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7 Special Favors You Can Receive When You ‘Go to St. Joseph’

For some centuries, the powerful intercession of St. Joseph was little known. In the 16th century St. Teresa of Ávila, a great devotee, helped spread devotion to him by joyfully proclaiming the power of his intercession.

A century later came another Spanish mystic, Venerable Mary of Ágreda, an incorrupt Franciscan nun, superior of her convent, adviser of King Philip IV, and bilocating evangelizer best known for her mystical visions of the Blessed Mother and her monumental work, The Mystical City of God, about the history of the Virgin Mary’s life. (Some scenes in the film The Passion of the Christ were based on descriptions found in her book.)

Mary of Ágreda’s ‘Seven Privileges’

In Volume Three of The Mystical City’s four volumes, Mary of Ágreda lists seven ways St. Joseph’s intercession is so powerful:

I have been informed concerning certain other privileges conferred upon St. Joseph by the Most High on account of his great holiness, which are especially important to those who ask his intercession in a proper manner. In virtue of these special privileges the intercession of St. Joseph is most powerful:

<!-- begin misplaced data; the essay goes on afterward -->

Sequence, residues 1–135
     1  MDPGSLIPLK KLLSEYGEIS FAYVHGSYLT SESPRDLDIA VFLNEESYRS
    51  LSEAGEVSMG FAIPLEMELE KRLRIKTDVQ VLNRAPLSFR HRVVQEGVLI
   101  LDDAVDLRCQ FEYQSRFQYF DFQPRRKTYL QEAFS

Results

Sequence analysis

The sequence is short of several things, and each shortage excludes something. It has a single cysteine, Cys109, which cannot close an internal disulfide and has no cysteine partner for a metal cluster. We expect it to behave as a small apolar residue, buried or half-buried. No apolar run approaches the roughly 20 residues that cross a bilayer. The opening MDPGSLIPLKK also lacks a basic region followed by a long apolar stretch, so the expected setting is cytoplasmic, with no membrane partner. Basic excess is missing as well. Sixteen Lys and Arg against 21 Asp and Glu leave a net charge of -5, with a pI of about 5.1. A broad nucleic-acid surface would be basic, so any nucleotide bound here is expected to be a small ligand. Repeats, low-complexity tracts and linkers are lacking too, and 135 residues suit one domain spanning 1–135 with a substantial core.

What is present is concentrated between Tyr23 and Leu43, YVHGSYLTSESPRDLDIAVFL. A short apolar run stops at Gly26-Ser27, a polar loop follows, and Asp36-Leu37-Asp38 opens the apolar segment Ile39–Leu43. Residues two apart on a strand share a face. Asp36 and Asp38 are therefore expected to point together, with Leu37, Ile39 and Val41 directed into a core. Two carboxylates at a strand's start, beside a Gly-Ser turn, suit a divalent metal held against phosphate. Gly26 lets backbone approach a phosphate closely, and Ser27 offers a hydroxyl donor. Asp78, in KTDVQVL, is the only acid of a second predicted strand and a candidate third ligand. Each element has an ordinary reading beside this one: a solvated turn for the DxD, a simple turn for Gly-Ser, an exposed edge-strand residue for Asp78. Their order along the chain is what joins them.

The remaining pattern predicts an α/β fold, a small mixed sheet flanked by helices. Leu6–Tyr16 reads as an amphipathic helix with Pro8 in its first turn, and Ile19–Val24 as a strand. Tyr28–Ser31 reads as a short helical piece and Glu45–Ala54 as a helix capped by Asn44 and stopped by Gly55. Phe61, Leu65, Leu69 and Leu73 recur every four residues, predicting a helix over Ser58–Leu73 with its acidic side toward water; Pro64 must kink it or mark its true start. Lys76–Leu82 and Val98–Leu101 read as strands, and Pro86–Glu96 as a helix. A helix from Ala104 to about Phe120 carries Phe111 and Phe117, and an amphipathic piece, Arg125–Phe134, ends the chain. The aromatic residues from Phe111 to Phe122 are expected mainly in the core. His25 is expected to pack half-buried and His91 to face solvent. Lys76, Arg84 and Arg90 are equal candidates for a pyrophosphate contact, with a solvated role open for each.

First, for attaining the virtue of purity and overcoming the sensual inclinations of the flesh;

Second, for procuring powerful help to escape sin and return to the friendship of God;

Third, for increasing the love and devotion to most holy Mary;

Fourth, for securing the grace of a happy death and protection against the demons in that hour;

Fifth, for inspiring the demons with terror at the mere mention of his name by his clients;

Sixth, for gaining health of body and assistance in all kinds of difficulties;

Seventh, for securing issue of children in families.

This mystic continues:

These and many other favors God confers upon those who properly and with good disposition seek the intercession of the spouse of our Queen, St. Joseph. I beseech all the faithful children of the Church to be very devout to him and they will experience these favors in reality, if they dispose themselves as they should in order to receive and merit them.

Read more at National Catholic Register 

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